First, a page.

First off, I believe this documentary will prove beneficial for you: https://www.youtube.com/watch?v=yVkyfC_AOLI
To answer all your questions, given near unlimited resources you can build a construction to house an arbitrary number of people underground. However, if your resources are limited, it depends on a bunch of things, namely the following:
1- How do you intend to configure the underground areas to house everyone. What type of geometry, living spaces and what not are you picturing. This will be a major influence on whether it's feasible or not.
2- At what rate do you want to expand the habitation at.
3- How far underground you want your colony to be.
4- The geology which you are mining through.
In response to your initial questions:
It occurred to me, perhaps incorrectly, that a softer stone like limestone might allow them to do this more easily
This ones a double edge thing, mining in soft rock is much easier than in hard rock, although the major downside is that soft rock isn't as strong as hard rock. The trade off would be: harder to dig but much bigger/safer rooms or easier to dig but necessarily smaller/slightly less safe rooms.
At what point, either depth or size, would it become too unstable to risk living in? Or is that not how stone works?
That's not how stone works. Given the proper data and knowledge, a suitable habitation can be engineered in any rock mass, however the cost of doing so (resources, time, etc) will differ depending on the circumstances. Given infinite resources you can build whatever you want where-ever you want. Although, if you're colonists are resource limited, then it becomes too costly/risky the deeper the colony and the bigger the rooms you want to make.
Can a settlement of at least hundreds (perhaps thousands) of people be safely built in a soft rock with low-impact methods of digging/blasting?
The safety of your rooms won't be dependent on the digging technique, any technique can be modified so that it's low-impact. When you think about blasting you need to differentiate production blasting and construction blasting. In mining, production blasting is done with the goal of getting as much stuff out as quickly as possible so it ruins the rock, in construction blasting you take a very controlled approach and you do it in such a way that you don't screw with the rocks strength. Example, Hydro Quebec has underground power houses which can be considered pretty massive: https://www.google.ca/search?q=hydro+quebec+underground+power+house&source=lnms&tbm=isch&sa=X&ved=0ahUKEwi56aSKku7JAhUBlB4KHSr0C6IQ_AUICSgD&biw=1184&bih=679#imgrc=XxoK3SQMfdINGM%3A they were made by using blasting techniques and are designed to stay there for many many many years.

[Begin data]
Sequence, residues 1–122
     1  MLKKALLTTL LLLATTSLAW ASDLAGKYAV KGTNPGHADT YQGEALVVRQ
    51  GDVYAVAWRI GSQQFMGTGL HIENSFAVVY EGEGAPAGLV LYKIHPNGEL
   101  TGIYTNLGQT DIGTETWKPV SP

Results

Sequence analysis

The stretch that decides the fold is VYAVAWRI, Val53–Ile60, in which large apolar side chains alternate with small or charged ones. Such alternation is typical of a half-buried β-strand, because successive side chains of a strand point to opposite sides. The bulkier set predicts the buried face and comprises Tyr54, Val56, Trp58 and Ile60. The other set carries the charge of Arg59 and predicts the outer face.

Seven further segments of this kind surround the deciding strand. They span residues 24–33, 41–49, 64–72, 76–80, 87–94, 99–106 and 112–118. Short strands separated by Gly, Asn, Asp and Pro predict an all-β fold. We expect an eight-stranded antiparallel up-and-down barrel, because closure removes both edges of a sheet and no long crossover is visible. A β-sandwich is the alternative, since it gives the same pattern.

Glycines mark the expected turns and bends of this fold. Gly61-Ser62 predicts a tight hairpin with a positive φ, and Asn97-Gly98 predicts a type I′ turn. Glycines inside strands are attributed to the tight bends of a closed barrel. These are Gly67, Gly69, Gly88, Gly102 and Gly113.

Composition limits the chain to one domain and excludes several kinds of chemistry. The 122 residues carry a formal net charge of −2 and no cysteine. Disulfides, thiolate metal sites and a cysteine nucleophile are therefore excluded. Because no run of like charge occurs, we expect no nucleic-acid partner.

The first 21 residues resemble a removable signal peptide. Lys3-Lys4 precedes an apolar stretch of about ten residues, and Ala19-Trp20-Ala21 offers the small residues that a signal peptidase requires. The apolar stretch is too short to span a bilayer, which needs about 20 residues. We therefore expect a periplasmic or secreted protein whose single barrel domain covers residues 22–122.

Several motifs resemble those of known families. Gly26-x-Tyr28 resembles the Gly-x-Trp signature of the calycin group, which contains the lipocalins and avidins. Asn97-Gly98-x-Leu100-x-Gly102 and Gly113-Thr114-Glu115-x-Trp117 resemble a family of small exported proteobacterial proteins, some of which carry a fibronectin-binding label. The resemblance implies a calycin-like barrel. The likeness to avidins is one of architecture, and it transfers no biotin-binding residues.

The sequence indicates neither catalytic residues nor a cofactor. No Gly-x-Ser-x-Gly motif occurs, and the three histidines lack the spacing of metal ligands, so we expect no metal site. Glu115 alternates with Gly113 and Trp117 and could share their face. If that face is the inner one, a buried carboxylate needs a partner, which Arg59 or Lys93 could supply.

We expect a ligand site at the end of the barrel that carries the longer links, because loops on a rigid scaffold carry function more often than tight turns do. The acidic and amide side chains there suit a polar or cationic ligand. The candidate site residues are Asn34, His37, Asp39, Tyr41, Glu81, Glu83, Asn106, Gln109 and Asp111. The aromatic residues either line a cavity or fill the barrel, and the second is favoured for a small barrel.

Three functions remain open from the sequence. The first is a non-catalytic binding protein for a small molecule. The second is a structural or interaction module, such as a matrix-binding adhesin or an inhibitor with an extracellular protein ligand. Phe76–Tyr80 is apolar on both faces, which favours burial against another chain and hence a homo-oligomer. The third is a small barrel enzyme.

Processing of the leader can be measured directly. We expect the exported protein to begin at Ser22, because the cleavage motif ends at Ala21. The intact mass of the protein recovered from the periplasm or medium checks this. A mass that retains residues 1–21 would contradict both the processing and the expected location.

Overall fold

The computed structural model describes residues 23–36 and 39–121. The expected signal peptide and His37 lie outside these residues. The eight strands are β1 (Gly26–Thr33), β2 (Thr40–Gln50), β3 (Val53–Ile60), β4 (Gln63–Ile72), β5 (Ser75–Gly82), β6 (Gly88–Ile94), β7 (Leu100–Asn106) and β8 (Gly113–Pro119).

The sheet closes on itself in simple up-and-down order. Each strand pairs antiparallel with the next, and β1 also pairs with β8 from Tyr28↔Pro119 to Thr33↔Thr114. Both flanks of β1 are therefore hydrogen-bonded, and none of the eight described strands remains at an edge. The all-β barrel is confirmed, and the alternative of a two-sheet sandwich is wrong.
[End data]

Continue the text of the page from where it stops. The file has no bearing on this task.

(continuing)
Is there a way to expand such a settlement in "regular" hard rock without causing cave-ins and other hazards?
The stability of an underground opening is dependent on two aspects:
- The intact rock's strength (measured by the UCS (unaxial compressive strength))
- The quality of the rock mass (how nice the rock is, think slab of counter top granite vs gravel, it's measured using GSI, Q-System or RMR)
The stability of an underground opening will be dependent on these two values, assuming you have a VERY VERY good rock, then you're looking at being able to have a room as wide as 15m by 15m tall by infinitely long while still being on the safe side. There's a number of empirical rules have been developed over the years in order to calculate exactly how big you can make an opening. One of the most used guidelines are from the Norwegian Geotechnical Institute (NGI), it details what type of support system you'll need for a given rock quality and opening size.
Do they need to dig deep rather than shallow?
For geotechnical stability, the answer is always more shallow. The deeper you go the higher the in-situ stresses in the rock. There's a bunch of technical information that goes into this but basically, the deeper you go the smaller your excavations needs to be, too big and you risk failure within the rock itself which can lead to rock burst which can/will eventually kill your settlers.
Mind you all of this information is based on currently knowledge, if the civilization is near future then there's a good probability that would have learned more about rock mechanics. A lot of research is being done in the domain of geotechnical engineering and although we have a good enough understanding to do actual engineering, a lot of this stuff is still pretty black magicqui due to the nature of rocks. To this day, after 150 years of research predicting rock bursts is still akin to magic.